- The ONE thing Tex did not like about the program is that it would not allow him to complete an entire piece of pie and then complete another and so on. The program allows for a certain amount of focusing on one topic, but once the limit is reached, the student must move on to another area and complete some in it, until a certain ratio is reached, then it unlocks the other section again. However, a student may ALWAYS go back and review an item they think they need more work on. Tex may not have liked the limits the program placed on him, but I thought it was a solid idea.
- This philosophy ensures that the student will cover all areas, even those they find are more difficult for them, such as graphing, algebra, or word problems.
- At intervals, the system will review student learning to assess progress and retain mastery of the skills. The student is informed of how their pie is progressing and encouraged to work more in certain areas.
- There is also the option of Quick Tables (which you can view HERE), which is essentially a drill program, and would be very useful for younger grades who still need to master basic tables. I heard that by completing various areas of the Quick Tables, a student can unlock educational games to play, but I did not see that. We tried to create an account for Ladybug, who knows her basic tables, but because she cannot think of the answers AND find the correct keys fast enough, she always timed out and it was too frustrating for her (she is not in 3rd grade yet, either).
If you are interested in learning more about ALEKS, you can sign up for a free trial that allows you to explore ALEKS for three hours over the course of five days. You can find that option HERE. See ALEKS in action on a video HERE.
What is ALEKS good for?
- as math review prior to starting a new topic
- as math reinforcement after learning a new topic
- as assessment of knowledge at the beginning of the year (ALEKS tells you what areas need work)
- as assessment of knowledge at the middle and/or end of the year (ALEKS tells you what areas have been mastered.
- as a tutorial for your regular curriculum
- as a drill (especially with Quick Tables)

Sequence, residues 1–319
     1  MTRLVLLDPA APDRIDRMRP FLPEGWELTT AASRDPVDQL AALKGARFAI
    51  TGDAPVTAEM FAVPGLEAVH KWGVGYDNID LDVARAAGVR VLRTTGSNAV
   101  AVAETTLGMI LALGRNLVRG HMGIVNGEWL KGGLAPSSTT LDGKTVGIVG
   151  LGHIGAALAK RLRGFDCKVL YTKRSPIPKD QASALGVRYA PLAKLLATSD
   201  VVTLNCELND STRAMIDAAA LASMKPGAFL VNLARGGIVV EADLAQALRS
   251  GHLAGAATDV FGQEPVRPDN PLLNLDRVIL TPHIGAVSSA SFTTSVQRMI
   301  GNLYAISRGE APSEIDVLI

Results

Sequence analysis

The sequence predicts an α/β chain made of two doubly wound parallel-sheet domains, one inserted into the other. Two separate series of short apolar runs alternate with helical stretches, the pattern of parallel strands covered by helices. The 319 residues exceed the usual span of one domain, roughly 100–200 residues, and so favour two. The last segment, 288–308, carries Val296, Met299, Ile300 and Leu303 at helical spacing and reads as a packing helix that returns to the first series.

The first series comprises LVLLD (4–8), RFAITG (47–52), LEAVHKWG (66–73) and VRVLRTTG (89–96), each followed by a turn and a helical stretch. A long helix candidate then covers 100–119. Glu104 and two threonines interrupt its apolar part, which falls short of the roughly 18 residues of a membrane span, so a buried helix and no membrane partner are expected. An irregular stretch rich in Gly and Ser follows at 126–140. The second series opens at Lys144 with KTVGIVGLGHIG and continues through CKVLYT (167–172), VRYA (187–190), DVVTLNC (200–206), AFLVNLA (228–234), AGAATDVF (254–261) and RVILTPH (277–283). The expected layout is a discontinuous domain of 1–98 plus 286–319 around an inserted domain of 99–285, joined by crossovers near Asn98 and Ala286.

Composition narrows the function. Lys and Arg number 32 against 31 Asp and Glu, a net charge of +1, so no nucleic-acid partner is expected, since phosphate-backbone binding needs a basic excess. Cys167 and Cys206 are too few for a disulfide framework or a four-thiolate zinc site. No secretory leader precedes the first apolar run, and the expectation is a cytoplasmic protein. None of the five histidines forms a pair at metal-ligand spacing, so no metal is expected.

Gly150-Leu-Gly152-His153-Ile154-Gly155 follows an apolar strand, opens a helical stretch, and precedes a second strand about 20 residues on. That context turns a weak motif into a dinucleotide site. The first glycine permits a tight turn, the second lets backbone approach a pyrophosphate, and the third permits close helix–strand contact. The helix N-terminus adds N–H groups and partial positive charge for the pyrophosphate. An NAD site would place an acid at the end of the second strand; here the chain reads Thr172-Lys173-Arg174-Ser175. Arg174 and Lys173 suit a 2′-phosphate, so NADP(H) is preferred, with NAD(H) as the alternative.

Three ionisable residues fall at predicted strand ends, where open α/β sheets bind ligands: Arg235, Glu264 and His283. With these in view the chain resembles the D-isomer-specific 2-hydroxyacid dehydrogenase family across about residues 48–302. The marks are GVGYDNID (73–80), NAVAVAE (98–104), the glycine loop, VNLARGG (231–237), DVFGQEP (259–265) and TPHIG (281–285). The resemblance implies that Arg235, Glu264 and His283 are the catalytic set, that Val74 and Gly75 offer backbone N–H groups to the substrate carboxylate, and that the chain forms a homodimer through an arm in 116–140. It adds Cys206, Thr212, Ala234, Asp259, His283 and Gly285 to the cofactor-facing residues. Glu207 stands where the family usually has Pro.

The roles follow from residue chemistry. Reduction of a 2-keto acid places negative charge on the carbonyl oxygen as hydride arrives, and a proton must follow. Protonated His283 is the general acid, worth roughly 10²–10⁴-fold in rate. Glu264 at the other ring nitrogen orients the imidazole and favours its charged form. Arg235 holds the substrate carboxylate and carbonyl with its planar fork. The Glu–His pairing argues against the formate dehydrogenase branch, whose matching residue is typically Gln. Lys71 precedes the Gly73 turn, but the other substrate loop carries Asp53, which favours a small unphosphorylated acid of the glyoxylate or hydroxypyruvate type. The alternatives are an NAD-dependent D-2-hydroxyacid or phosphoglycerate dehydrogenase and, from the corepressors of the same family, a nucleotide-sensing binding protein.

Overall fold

- as a stand alone curriculum, if mom and dad are willing to help when needed, and print up written exercises from the ALEKS site, from other sites, or from previously purchase workbooks when written review is called for
- as a summer review program for interested families and students
- as an extension of your regular curriculum, when your student finishes early in the year
- as a review course for students who need to take the SATs or ACTs
- as a prep course for students who need to take AP tests in areas such as calculus, chemistry, and physics
- as a prep course for a student who wants to take the GED (there is a specific course for this option)
- as a refresher course for a mom who wants to teach math using another curriculum, but needs a little practice with certain topics before teaching them!
- as a challenge for the highly motivated, self-directed learner
- as a help for an overloaded mom who can’t always be there to teach due to a new baby, illness, or job
- as a help in a large household of students on varying levels
- as a help with bi-lingual (Spanish speaking) students since ALEKS is bi-lingual
How do I know if my child is progressing? ALEKS generates a bi-weekly report and sends it straight to the mailbox of the teacher. Not only does that report show what areas the student has been working in, and how his “pie” has grown over the last two weeks, it shows how long my student spent online working on the material. I LIKED that. I only had to forward the email out to my student once with the comment, “Hmmm. So, is spending an hour and fifteen minutes a week on math adequate for our expectations? No. Please fix this. Thank you.” He fixed it, and found (much to no one’s surprise) that he progressed much more quickly…and (much to his surprise) he liked that. Parents can also generate quizzes and request further assessment from their results page.